It struck me as odd, too. Maybe job satisfaction and compensation are higher, but it's hard to imagine CIOs and IT pros are lower stress. Then again, any job with a challenge carries stresses with it. I would argue low or no stress most often means a job that's not worth it.
In early May, I had a wide ranging conversation with Sandisk CIO and SVP Ravi Naik about security, cloud, Big Data, his biggest challenges and other IT issues. Besides IT, he is responsible for the memory maker's far flung global real estate -- it has 20 facilities with engineering labs and chip fabs in India, California, Israel, South Korea and Japan. He spoke fast in our 47 minute interview and flew right over my question (several, actually): "Do you ever sleep?" But he talked substantially and openly. Here are the highlights.
Are fears about cloud security warranted or overblown? That is our #CIOchat question for this Thursday #CIOchat from 2-3 p.m. ET and comes from ECF editorial director Bill Laberis.
To put this in perspective, one could argue you can never exagerrate security fears. Vigilance is paramount, but is the cloud unfairly singled out as a security risk versus other ways of storing and managing information?
"What resources should CIOs be using to increase their relevance and impact to the business?" is the question for this Thursday's #CIOchat from 1-2 p.m. EDT (changed from our normal time of 2-3 p.m. EDT to avoid a conflict with our CIOLive event!). The question comes from former HP Fellow and #CIOchat regular Charlie Bess.
Crowdsourcing revealed you can get people to engage in almost anything if you make a 'game' out of it, including mundane tasks. Ironically, sometimes the more inconsequential the reward for the desired behavior the more of an inducement it was.
How to Become a Rainmaker is one of my all time favorite books which offers a very useful blueprint for becoming a CIO rainmaker. This post is not a book review of How to Become a Rainmaker. It is about how CIO’s can retool their thinking to that of a CIO Rainmaker in order to raise their value contribution and set themselves apart from their peers.
(Originally posted March 3 on The Higher Ed CIO) IT performance management requires a balanced scorecard approach using both internally and externally oriented metrics that are also a good mix of leading and lagging indicators.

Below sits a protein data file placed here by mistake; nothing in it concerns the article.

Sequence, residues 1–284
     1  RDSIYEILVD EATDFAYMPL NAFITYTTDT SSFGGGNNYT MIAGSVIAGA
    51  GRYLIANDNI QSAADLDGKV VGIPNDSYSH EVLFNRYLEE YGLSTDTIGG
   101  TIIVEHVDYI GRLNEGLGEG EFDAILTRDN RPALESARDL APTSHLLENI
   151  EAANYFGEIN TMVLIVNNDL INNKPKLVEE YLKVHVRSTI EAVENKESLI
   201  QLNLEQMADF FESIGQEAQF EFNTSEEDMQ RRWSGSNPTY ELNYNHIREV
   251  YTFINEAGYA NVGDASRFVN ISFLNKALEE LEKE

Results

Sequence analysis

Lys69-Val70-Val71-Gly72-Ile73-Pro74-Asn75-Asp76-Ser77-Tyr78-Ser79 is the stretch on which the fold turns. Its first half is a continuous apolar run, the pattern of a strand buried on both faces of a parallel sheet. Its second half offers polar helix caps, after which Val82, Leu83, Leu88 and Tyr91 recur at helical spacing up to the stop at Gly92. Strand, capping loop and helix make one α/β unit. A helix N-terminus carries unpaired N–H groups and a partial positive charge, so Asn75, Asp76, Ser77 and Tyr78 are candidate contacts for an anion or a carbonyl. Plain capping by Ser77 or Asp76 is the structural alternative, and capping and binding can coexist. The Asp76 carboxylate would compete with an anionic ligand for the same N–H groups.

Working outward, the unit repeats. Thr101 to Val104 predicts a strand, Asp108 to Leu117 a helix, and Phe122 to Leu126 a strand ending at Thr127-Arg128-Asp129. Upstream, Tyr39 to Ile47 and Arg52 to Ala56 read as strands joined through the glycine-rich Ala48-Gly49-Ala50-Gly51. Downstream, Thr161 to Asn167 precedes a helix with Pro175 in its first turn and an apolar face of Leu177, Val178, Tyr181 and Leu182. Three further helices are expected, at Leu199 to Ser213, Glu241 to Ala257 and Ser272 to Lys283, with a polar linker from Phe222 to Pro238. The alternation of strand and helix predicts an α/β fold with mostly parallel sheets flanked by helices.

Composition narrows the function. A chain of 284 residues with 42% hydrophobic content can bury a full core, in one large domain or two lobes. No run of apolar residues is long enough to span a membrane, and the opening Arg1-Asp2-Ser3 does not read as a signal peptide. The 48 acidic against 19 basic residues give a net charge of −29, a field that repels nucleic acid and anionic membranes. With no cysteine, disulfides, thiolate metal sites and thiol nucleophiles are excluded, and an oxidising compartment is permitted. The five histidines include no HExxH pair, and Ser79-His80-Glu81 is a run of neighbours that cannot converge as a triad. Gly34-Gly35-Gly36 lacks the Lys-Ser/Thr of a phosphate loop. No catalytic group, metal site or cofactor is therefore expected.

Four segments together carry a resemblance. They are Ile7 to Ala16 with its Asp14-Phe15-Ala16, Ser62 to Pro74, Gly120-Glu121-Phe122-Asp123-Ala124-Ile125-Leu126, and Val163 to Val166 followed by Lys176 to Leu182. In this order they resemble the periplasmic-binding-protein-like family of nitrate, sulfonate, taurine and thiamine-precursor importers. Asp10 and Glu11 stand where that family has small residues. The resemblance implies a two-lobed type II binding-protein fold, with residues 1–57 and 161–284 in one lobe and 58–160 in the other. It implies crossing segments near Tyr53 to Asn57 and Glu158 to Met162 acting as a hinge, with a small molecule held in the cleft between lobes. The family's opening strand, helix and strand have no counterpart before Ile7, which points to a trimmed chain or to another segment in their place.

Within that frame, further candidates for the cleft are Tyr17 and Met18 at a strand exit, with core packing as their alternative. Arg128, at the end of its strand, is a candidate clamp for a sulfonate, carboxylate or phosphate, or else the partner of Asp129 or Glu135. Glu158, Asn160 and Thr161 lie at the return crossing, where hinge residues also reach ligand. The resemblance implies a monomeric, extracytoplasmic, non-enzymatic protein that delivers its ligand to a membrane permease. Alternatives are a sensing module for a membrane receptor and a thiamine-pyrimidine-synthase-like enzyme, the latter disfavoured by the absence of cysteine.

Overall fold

The role of IT was never static. Technology changes alone bring about major changes in the role of IT and influence the future of IT. This really should not be debateable since we see everyday how technology changes redefine various professions or business functions through automation and simplification. Yet, when you describe a future of IT that is less strategic people get upset and accuse you of being a contrarian just for the sake of it.
If more IT departments functioned like human resources or facilities and worried less about being strategic there would be fewer complaints about IT and CIO’s would be happier for it. The support for this belief comes from the consumerization and democratization of technology which is accelerating the shift to commodity services and enabling more decision making by non-IT folks while rendering more and more of the technology stack decisions irrelevant.
Evaluating IT investments for funding is one process where using a simpler approach is not always better. That is because the process of evaluating IT investments should involve an two step process for each project under consideration in order to support an objective IT project ranking of all proposals and ultimately, the IT project selection decision.